1. The New City council recently passed an ordinance revising the hiring criteria for public transportation workers. The criteria apply to those who operate and maintain public transportation equipment, but not to those on the City’s Public Transportation Board, which sets policy for the transit system. One criterion is that transportation employees be United States citizens. The council defended the citizenship requirement as serving the city’s interest inhaving workers of undivided
Mark Sheehan, a permanent resident of the United States, sued New City on the constitutionality of the new ordinance. What is the likely outcome?
2. A local entertainment section of a newspaper published a story on the town’s businessdistrict, accompanied by photos of various businesses in the district. A minister who happened to be walking on the sidewalk in front of an adult bookstore when a photo was taken for the story became very upset when he saw it in the newspaper, because the camera angle made it appear that he was exiting the
If the minister sues the newspaper, what is the best legal basis (cause of action) to win the case?
3. A 12-year-old boy went to the beach by himself. To his overwhelming excitement, he wentto the water with no warming-up exercise, and it left him with cardiac arrest right in the water. A man walking by the boy noticed that the boy was drowning. As much as the man wished to help out him out of the water, which he knew that he could have saved the boy’s life, he decided not to do so because he did not want to be late for his work. Later that day, the boy died, and his parents sue the man for wrongful death. What is the likely outcome?
4. Northeast Airlines, Inc., a Delaware corporation, was founded in the 1970s as a local carrier, specializing in short business flights between New England cities. It has since expanded dramatically across the country, absorbing other airlines, and now its most extensive businessis elsewhere. While the company’s executive offices remain in Boston, it has more employees, more flights, and owns more property in Texas than in any other state. John, who is a former employee of Northeast Airlines, Inc. and is a resident of Texas, has brought a law suit in a federal court in Texas against Northeast Airlines, Inc., under Federal Anti-Discrimination Act, seeking monetary damage of $100,000. Would the federal court in Texas have jurisdiction?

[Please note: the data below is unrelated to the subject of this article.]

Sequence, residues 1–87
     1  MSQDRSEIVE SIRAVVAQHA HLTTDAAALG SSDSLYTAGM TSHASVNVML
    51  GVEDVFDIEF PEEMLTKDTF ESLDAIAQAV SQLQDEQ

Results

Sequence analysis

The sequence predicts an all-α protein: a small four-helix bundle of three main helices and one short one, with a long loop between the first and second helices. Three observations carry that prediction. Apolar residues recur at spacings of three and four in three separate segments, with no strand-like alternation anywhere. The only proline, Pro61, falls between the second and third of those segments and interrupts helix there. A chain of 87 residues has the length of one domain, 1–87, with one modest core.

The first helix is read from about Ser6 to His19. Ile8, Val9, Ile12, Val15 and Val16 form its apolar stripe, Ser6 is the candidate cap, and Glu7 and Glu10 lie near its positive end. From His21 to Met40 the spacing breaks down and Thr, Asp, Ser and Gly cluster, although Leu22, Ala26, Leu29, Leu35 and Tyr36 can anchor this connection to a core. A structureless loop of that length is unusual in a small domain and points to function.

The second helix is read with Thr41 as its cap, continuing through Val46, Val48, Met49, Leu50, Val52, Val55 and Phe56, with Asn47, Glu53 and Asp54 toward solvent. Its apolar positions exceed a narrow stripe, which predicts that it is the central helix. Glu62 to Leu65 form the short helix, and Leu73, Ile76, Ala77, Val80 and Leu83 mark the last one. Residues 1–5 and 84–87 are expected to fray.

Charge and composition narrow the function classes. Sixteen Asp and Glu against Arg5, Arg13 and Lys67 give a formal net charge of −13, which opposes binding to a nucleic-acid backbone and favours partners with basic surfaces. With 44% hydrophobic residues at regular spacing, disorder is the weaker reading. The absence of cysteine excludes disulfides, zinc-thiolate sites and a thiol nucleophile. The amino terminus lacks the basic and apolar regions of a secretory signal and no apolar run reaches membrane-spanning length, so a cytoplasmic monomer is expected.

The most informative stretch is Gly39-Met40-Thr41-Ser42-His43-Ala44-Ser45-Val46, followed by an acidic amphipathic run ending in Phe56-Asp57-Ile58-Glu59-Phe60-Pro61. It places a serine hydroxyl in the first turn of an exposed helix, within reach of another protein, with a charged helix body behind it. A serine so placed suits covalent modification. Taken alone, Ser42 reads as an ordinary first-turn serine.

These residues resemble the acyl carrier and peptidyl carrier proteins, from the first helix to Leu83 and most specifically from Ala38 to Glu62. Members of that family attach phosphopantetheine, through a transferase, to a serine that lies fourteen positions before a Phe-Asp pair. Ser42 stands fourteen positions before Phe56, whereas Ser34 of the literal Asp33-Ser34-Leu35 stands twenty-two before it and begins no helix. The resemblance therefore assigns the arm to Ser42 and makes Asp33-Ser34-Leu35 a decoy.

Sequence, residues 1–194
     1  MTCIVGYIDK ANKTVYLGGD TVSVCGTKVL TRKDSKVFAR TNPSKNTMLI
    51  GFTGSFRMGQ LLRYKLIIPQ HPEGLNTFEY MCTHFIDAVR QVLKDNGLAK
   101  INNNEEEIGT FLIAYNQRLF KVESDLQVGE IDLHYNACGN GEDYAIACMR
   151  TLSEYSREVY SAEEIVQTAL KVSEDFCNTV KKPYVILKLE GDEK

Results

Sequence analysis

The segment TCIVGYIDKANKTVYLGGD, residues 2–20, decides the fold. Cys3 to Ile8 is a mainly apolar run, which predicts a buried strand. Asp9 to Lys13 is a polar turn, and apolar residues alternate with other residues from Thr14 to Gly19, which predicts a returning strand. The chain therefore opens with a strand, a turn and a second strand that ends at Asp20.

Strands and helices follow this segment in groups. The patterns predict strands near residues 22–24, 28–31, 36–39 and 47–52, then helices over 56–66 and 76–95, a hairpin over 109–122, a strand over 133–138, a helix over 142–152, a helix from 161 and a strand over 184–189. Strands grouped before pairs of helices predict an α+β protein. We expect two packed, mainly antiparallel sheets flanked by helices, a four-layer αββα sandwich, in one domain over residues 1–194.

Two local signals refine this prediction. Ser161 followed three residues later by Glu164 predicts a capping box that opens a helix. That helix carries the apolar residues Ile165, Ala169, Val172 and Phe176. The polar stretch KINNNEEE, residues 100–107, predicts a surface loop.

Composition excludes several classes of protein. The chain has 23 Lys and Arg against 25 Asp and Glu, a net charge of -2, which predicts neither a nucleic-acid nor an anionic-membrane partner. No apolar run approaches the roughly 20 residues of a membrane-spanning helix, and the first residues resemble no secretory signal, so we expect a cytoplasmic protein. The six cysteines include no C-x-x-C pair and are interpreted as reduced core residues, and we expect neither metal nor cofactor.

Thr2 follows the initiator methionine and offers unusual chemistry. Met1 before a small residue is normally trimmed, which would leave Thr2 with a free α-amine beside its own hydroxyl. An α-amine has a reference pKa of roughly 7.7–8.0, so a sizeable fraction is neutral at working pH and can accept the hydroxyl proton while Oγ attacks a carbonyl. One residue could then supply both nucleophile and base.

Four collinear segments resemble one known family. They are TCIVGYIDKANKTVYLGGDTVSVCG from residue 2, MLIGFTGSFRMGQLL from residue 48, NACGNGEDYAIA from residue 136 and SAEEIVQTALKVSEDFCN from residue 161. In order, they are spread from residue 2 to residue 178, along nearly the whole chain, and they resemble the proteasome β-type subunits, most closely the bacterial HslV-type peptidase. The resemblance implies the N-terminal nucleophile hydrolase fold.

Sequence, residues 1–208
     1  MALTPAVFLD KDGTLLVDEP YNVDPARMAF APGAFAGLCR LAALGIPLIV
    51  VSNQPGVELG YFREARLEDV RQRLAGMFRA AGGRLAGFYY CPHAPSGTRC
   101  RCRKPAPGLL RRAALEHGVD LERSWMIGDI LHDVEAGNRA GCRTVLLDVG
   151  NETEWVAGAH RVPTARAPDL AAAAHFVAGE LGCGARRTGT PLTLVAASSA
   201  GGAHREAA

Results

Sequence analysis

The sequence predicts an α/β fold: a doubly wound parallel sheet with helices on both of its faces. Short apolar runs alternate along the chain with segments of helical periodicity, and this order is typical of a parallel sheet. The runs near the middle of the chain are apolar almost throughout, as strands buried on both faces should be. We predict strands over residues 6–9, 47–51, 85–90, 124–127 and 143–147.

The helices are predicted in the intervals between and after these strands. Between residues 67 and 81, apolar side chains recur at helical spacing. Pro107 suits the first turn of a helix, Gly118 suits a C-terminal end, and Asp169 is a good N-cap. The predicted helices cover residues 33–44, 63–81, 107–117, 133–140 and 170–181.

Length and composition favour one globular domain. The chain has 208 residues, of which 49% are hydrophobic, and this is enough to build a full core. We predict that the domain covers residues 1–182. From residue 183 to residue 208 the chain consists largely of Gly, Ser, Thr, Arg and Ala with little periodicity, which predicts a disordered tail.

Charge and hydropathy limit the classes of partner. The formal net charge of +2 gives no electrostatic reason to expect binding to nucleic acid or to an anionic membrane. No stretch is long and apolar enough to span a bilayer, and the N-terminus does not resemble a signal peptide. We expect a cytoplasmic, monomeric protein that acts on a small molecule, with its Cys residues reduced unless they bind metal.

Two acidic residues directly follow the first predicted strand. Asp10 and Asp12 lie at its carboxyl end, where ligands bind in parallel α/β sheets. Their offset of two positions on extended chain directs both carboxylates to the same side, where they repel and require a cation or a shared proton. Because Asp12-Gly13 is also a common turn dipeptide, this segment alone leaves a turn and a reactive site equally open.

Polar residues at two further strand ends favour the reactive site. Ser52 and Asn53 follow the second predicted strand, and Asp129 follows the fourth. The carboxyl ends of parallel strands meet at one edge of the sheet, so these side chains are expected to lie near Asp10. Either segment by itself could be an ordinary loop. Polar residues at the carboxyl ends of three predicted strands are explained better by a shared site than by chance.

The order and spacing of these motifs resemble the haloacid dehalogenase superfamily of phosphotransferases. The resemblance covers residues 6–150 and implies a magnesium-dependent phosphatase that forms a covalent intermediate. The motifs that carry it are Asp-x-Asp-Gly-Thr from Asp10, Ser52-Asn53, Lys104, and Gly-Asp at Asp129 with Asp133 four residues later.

5. A soldier has just been discharged. His aunt, who lives on the other side of the country, suggests that he move to her area. “There are plenty of jobs for a dependable young man like you, and you could stay with me until you get on your feet,” she says. The solider thinks it over for a few days, and decides to move to his aunt’s state. He arrives at her house, and says he will be staying with her. The aunt tells him that she will be unable to put him
Has the aunt breached a contract with the solider? Why or why not?
6. Several years ago, two babies at a rural North Carolina hospital were switched at birth. The switch was discovered after a North Carolina couple learns that the five-year-old child they were raising was not their biological child. The child had gone in for surgery; and, in typing the parents’ blood for a transfusion, doctors determined that neither parent was the child’s biological parent. After an ensuing investigation, officials concluded that misidentification of the babies had occurred shortly after birth, when both arrived in the nursery at the same time. It was not determined whether the misidentification was inadvertent or intentional.
In the intermediate aftermath of the media report, Congress passed and the President signed the Infant Protection and Baby Switching Prevention Act. The Act provides as follows:
Section 1. Whoever knowingly alters or destroys an identification record of a newborn patient with the intention that the newborn patient be misidentified by any person shall be fined not more than $250,000 in the case of an individual and not more than $500,000 in the case of an organization, or imprisoned not more than ten years, or both.
The Senate Report accompanying the Act contained the following statement:
The birth of a child is one of the most sacred and emotional events in a family’s life. The event is also fraught with financial consequences, as it changes parents’ spending habits, investment strategies, and even career plans. The financial, emotional, and other commitment that this time symbolizes deserves the highest protection the law can provide.
The Report also states that Congress enacted the Act under the Commerce Clause.
Susan was recently arrested and indicted for violating the Infant Protection and Baby Switching Prevention Act by altering an identification record of a newborn baby. She contends a defense that Congress exceeded its power under the Commerce Clause. Would she prevail?